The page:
Getting it Wrong

As a type A, perfectionist personality I hate getting things wrong. I dislike turning in writing that isn’t perfect and I hate it when things that normally turn out fine, turn out wrong. I feel it does not bode well for times to come. Things going wrong in the kitchen is like an omen for things going wrong in life. But then that’s probably just the type A personality talking. Getting things wrong in the kitchen is normal. It’s probably actually quite healthy. And there’s always the chance you can learn something.

I had a craving for pizza on Sunday. An epic one. The kind where at every turn you think about cheese, melting and hot, crispy at the edges and stringy so that you have to use your other hand to pull the cheese away from the base in order to get the pizza into your mouth. And a crisp base. And tomatoes, preferably cooked slowly with some shallots until they can be smashed open with the back of a wooden spoon, their seeds spilling out like precious jewels. I like my pizza plain. Cheese, tomatoes, base. Occasionally I am willing to put things like bacon and caramelised onions on too. But mostly I want the essence of the pizza. No funny business with ham or pineapple or banana or chicken. Cheese, tomato, base.

So in the spirit of being all self-sufficient I started a bread dough. It was the one I usually use for focaccia’s although I do normally make pure white flour ones and on Sunday I decided I wanted a wholewheat base. So I used a balance of wholewheat flour and plain flour. Whilst I was kneading it, which I admit I didn’t do for long because I got bored, I thought that perhaps it might be a little to stiff. In other words I hadn’t added enough water to the dough. But, in my usual everything-will-work-out manner, I left it to prove. Slowly slowly it doubled in size. I separated some of the dough off and rolled the rest into a loaf shape and laid it in the loaf tin to prove again. The piece for the pizza base I rolled out with a rolling pin and then stretched using my knuckles until it was almost see-through. All semblance of a circle was lost but it was thin and would serve it’s purpose. This I baked for 5 minutes in an oven at 180C so that it was sort of baked before I added the topping. It could probably have done with 7 minutes but that’s just pulling hairs. I topped it with my slow roasted tomatoes and three different cheeses (cheddar, Parmesan and feta) and some sun-dried tomatoes I found skulking at the back of the fridge and put it back into the oven to cook. It was exactly the kind of pizza I had been craving. I ate it happily watching Borgen, waiting for the rest of the dough to prove.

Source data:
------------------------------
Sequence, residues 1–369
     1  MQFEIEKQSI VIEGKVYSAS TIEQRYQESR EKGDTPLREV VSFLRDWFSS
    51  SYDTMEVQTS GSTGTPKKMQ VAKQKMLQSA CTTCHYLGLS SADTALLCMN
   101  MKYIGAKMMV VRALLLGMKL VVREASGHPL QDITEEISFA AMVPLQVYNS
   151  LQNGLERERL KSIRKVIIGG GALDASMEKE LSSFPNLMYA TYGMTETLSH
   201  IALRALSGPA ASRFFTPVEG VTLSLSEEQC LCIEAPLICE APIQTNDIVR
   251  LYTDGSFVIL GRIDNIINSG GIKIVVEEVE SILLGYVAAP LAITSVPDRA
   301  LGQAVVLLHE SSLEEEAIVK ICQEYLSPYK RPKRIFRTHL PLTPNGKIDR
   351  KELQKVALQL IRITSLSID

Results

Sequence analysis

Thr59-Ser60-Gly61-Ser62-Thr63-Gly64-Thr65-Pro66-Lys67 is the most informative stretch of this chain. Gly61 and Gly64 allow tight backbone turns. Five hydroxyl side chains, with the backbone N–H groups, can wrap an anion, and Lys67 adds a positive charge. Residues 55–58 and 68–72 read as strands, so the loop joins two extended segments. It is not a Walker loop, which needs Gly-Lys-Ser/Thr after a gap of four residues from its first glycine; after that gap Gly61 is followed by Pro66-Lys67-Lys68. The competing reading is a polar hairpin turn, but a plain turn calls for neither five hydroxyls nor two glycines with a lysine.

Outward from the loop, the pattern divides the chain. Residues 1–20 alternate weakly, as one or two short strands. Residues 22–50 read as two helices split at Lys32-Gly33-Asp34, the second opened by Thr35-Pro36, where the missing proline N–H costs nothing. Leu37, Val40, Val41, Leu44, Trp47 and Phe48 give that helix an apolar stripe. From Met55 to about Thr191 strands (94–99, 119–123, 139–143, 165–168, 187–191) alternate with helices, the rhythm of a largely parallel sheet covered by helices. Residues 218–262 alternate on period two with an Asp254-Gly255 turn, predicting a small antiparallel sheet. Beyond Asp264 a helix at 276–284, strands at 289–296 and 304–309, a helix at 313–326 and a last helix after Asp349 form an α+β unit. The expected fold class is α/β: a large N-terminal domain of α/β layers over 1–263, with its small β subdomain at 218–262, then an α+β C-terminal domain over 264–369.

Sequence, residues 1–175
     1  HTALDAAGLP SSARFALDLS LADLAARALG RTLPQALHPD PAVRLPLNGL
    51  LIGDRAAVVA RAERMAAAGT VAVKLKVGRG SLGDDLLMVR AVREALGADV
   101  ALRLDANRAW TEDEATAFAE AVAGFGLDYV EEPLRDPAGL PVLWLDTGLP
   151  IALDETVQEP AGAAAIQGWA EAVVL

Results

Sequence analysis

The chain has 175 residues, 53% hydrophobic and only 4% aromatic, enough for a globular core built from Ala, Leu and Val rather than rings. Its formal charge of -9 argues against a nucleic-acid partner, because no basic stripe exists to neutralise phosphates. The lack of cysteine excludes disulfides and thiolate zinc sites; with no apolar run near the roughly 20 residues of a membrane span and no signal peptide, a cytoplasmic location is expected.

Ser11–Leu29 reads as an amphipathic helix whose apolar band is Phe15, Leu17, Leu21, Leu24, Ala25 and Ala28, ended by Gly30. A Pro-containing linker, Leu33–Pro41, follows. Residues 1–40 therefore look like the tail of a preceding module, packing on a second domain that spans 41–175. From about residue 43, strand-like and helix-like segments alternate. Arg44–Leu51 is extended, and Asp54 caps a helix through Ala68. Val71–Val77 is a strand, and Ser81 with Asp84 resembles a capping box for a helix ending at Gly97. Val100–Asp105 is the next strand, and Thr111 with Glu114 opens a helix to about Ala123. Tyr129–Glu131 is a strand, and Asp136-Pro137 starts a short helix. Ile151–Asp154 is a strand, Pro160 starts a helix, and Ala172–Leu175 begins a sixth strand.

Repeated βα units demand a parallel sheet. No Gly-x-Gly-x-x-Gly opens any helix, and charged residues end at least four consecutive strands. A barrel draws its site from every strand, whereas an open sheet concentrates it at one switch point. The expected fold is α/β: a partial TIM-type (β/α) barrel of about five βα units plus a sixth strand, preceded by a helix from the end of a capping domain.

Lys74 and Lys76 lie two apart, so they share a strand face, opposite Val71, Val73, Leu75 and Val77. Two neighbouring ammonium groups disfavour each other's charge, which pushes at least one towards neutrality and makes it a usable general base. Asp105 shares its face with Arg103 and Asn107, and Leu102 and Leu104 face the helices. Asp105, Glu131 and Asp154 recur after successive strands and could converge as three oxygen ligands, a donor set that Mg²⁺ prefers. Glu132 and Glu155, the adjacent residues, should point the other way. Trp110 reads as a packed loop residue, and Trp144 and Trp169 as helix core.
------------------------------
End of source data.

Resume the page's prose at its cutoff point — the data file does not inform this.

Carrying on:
Except that it didn’t. Prove that is. It grew a little, not as much as I was expecting though. I figured it would all come together in the oven. Oh, how wrong I was. What emerged from the oven was a dense, completely inedible loaf. One that you could break your teeth on easily. You could probably also knock someone out or knock a hole in the wall if you chose to throw it. Whoops. After two days of having it stare at me from the bread board I decided to cut my losses and throw it out. I feel badly about it but no one can eat that. At least I got some pizza out of it I guess.

One comment

  1. you know, i know exactly how you feel. its like all your failures are a reflection on your worth as a person. i think we might need to examine our self esteem issues here. or smother them with cake. either way. also, sometimes an epic fail is an improvement on mediocrity. at least you know now never to try that again.

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